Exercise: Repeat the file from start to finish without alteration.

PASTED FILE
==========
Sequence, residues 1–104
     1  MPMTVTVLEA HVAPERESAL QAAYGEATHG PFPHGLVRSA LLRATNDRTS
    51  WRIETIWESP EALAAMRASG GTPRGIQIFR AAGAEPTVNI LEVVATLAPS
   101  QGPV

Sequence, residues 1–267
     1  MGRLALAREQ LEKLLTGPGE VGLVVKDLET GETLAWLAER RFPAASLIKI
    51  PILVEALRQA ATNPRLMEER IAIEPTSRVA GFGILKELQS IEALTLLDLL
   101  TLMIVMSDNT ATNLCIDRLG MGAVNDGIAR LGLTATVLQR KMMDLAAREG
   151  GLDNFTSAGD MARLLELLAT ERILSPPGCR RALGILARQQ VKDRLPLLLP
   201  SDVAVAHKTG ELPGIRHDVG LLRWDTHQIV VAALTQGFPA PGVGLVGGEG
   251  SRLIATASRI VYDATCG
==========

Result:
Sequence, residues 1–104
     1  MPMTVTVLEA HVAPERESAL QAAYGEATHG PFPHGLVRSA LLRATNDRTS
    51  WRIETIWESP EALAAMRASG GTPRGIQIFR AAGAEPTVNI LEVVATLAPS
   101  QGPV

Sequence, residues 1–267
     1  MGRLALAREQ LEKLLTGPGE VGLVVKDLET GETLAWLAER RFPAASLIKI
    51  PILVEALRQA ATNPRLMEER IAIEPTSRVA GFGILKELQS IEALTLLDLL
   101  TLMIVMSDNT ATNLCIDRLG MGAVNDGIAR LGLTATVLQR KMMDLAAREG
   151  GLDNFTSAGD MARLLELLAT ERILSPPGCR RALGILARQQ VKDRLPLLLP
   201  SDVAVAHKTG ELPGIRHDVG LLRWDTHQIV VAALTQGFPA PGVGLVGGEG
   251  SRLIATASRI VYDATCG